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Wang-Ik Son#1, Won-Gyu Lim#2, Moon-Que Lee*3, Sang-Bo Min@4, Jong-Won Yu#5 - page 1 / 4





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Printed Square Quadrifilar Helix Antenna (QHA) for GPS Receiver

Wang-Ik Son#1, Won-Gyu Lim#2, Moon-Que Lee*3, Sang-Bo Min@4, Jong-Won Yu#5


1 Korea Advanced Institute of Science and Technology (KAIST), Deajeon, Korea wangik@kaist.ac.kr

2limwongyu@kaist.ac.kr 5drjwyu@ee.kaist.ac.kr

  • *

    The University of Seoul (UOS), Seoul, Korea



Actenna Corporation, Seoul, Korea 4sam911@paran.com

Abstract— A new printed square quadrifilar helix antenna (QHA) for circular polarization (CP) is proposed and experimentally investigated for the application as a GPS receiving antenna in frequency range of about 1.575 GHz. To increase the input impedance of QHA, we use the folded inverted-F antenna as a helix. Experiment results show that the proposed antenna has a 3-dB beamwidth of more than 120° and a front-to-back ratio of more than 15 dB. Also, the proposed antenna shows the peak gain of -2.5 dBic and the axial ratio under 0.5 dB in wanted frequency band.


Global Positioning System (GPS) is a satellited-based navigation system to provide instantaneous 3D position, velocity and time information almost anywhere on or above the surface of the earth at any time [1]. In GPS system, the design of the antenna is one of the most important aspects for receiving signals from satellites exactly. The antenna is expected to cover as many satellites as possible over the hemisphere, with high rejection of the multipath and cross polarized signals.

Fig. 1 The geometry of the proposed antenna (Prototype: Wa=10mm, Ha=10mm, We=0.7mm, Le=1.5mm, He=2.5mm, =80°)

In this paper, we proposed a compact printed square QHA for GPS application. To increase the input impedance of QHA, we used the folded inverted-F antenna as a helix. Also, the radiation efficiency is increased.

Circularly polarized (CP) patch antennas have been widely












good circular polarization. But a CP patch antenna has a high backward radiation as the size of ground plane is reduced [2]. This means that the antenna has lesser forward radiation and receives more noise from the bottom. So, the C/N of the antenna is reduced. The quadrifilar helix antenna (QHA) invented by Gerst [3], [4] consists of four tape helices equally spaced circumferentially on a cylinder and fed with equal amplitude signals with relative phases of 0°, 90°, 180°, and 270°. This antenna is suitable for GPS receiver antenna because of its broad beamwidth and broad circularly polarized beamwidth. Also it has a low backward radiation when the size of ground is reduced. Recently, the size of the QHA for GPS is reduced more and more for using in handheld mobiles [5], [6]. As the size of QHA gets smaller, the mutual coupling between the helix is increased. So, the input impedance is smaller and the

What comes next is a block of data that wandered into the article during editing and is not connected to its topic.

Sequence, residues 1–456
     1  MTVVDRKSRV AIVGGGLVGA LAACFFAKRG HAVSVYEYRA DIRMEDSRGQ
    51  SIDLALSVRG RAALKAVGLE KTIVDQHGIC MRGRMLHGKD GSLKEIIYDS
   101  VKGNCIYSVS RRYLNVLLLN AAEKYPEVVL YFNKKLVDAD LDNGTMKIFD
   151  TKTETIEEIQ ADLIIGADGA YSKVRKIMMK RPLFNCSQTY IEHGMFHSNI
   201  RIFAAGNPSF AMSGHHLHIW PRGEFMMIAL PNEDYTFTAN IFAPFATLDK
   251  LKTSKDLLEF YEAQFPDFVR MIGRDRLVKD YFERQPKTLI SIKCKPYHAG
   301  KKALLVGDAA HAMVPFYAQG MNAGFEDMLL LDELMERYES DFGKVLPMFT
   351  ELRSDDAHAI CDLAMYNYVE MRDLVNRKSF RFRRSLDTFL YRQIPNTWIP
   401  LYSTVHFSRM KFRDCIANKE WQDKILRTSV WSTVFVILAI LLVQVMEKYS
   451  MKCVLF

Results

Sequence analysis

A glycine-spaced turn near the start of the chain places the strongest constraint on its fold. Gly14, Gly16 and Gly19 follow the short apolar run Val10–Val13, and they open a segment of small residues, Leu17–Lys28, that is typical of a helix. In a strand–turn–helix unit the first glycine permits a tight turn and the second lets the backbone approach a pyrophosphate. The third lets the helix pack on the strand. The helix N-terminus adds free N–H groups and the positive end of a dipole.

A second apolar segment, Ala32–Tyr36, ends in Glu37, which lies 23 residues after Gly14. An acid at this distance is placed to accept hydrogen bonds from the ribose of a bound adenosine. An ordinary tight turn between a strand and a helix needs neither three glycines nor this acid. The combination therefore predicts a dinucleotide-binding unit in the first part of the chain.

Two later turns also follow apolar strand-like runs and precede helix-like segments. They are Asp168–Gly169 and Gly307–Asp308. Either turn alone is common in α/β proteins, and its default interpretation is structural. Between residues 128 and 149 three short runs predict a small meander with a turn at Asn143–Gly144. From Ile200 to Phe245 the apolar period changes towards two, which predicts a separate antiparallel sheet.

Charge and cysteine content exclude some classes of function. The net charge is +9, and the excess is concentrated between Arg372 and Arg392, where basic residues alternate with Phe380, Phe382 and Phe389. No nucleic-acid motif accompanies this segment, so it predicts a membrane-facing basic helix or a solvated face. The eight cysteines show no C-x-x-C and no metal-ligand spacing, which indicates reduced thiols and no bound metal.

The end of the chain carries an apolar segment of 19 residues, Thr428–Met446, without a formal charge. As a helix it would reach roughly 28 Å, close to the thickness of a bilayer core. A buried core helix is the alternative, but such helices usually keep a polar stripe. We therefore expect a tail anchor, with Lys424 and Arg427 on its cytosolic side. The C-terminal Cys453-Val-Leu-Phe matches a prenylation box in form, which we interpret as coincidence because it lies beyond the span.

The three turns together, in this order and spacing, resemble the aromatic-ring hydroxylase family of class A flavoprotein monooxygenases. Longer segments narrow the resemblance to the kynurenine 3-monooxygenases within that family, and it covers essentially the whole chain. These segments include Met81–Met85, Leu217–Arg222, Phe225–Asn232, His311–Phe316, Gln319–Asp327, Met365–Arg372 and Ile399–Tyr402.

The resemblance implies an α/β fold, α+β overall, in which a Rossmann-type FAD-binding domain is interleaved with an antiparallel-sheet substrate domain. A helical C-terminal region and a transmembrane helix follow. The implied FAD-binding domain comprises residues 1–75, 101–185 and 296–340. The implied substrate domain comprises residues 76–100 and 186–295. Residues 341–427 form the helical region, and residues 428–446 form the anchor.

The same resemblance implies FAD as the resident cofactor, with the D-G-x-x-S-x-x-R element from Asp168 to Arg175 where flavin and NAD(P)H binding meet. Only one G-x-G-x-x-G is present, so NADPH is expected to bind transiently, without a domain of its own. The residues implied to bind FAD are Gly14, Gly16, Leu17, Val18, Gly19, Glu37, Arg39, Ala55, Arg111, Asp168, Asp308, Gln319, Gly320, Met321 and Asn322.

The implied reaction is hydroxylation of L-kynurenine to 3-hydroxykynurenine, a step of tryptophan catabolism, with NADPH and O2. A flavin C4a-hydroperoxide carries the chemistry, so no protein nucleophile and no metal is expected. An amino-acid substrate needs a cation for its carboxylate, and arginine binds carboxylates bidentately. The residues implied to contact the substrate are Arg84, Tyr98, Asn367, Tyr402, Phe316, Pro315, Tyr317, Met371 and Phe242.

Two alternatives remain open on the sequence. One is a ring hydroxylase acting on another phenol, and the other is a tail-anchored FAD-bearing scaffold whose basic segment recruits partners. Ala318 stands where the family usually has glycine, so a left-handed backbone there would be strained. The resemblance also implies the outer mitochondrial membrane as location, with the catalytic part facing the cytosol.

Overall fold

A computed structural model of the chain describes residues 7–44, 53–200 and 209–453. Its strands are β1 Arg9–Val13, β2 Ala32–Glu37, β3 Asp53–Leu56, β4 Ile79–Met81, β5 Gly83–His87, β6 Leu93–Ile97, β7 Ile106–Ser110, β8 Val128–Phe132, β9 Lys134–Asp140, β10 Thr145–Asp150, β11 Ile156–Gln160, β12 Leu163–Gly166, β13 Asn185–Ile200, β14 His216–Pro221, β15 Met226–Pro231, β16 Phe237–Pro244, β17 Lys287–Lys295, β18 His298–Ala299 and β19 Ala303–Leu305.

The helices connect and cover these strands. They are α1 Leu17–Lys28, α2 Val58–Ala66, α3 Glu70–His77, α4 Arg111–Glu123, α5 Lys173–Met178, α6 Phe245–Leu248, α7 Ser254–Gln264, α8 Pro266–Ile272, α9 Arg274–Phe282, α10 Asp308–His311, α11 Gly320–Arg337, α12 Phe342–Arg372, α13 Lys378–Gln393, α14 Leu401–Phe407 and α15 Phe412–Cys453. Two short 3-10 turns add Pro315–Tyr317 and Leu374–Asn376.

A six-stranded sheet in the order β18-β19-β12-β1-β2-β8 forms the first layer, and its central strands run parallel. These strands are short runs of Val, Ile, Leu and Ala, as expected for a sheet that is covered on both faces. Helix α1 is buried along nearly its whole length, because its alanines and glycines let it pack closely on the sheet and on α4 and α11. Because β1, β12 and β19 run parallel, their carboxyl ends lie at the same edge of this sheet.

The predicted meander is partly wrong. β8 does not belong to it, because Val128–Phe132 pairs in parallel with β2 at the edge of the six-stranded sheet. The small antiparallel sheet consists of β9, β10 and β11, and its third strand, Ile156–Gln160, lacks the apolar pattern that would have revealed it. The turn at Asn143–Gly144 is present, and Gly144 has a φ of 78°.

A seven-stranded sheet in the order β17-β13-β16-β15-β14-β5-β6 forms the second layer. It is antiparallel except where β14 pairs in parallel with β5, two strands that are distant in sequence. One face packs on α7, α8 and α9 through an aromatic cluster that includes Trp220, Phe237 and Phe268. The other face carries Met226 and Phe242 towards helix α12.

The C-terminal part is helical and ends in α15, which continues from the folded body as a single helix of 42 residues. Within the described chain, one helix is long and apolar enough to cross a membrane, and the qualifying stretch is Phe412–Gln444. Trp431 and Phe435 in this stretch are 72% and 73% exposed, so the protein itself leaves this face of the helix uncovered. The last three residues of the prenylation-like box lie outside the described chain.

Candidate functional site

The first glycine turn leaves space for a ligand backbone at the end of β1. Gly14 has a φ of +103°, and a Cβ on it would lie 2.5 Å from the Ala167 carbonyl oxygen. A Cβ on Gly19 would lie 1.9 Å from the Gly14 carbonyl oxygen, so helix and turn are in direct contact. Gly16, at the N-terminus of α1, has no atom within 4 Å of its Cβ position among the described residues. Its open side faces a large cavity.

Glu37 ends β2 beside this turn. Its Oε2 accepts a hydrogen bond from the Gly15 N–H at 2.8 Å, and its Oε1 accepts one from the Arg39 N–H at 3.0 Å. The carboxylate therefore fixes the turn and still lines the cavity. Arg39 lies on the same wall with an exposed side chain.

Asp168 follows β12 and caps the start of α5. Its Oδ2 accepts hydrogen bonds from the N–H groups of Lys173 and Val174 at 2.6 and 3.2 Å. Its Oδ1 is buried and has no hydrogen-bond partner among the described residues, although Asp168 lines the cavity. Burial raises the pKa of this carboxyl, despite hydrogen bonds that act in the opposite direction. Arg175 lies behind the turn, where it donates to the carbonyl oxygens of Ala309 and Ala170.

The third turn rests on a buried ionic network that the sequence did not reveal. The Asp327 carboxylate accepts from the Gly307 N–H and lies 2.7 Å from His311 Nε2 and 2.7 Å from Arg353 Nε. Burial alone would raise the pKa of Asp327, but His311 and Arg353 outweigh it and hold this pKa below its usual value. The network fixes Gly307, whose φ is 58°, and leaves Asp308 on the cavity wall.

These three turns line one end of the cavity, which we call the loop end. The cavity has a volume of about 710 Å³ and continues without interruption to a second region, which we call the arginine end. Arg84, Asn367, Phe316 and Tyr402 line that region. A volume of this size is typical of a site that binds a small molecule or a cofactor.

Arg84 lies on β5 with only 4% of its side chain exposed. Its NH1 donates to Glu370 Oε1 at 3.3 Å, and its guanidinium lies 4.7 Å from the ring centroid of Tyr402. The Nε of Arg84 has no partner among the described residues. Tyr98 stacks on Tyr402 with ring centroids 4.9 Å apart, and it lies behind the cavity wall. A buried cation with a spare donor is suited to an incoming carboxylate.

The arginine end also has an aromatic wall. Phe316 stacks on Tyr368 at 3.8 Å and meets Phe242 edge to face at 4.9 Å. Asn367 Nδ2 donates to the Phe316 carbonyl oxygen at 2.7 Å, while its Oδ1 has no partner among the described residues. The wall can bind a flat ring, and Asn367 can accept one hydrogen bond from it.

radiation efficiency is decreased [7].

Fig. 1 shows the geometry of the proposed compact square printed QHA. The antenna is mounted above a grounded FR4 substrate (thickness 0.6mm, relative permittivity 4.6, and size 11.5×11.5 mm2). In a grounded substrate, the feeding network is implemented to produce four equal amplitude signals with relative phases of 0°, 90°, 180°, and 270° to generate circularly polarized waves. Each inverted-F helix of QHA, printed on a RO4003 substrate (thickness 0.5 mm, relative permittivity 3.38), is wound by oneself. Each helix has a length of 39 mm, width (We) of 0.7 mm and pitch angle ( ) of 80° to resonate in GPS frequency band. Four printed helices are combined into a square QHA using two fixing plates. The width (Wa) of the combined antenna is 10 mm and the height (Ha) is also 10 mm. To increase input impedance, there is a shorted matching line in each helix, which is used as an inverted-F antenna. The distance between a helix and a match-

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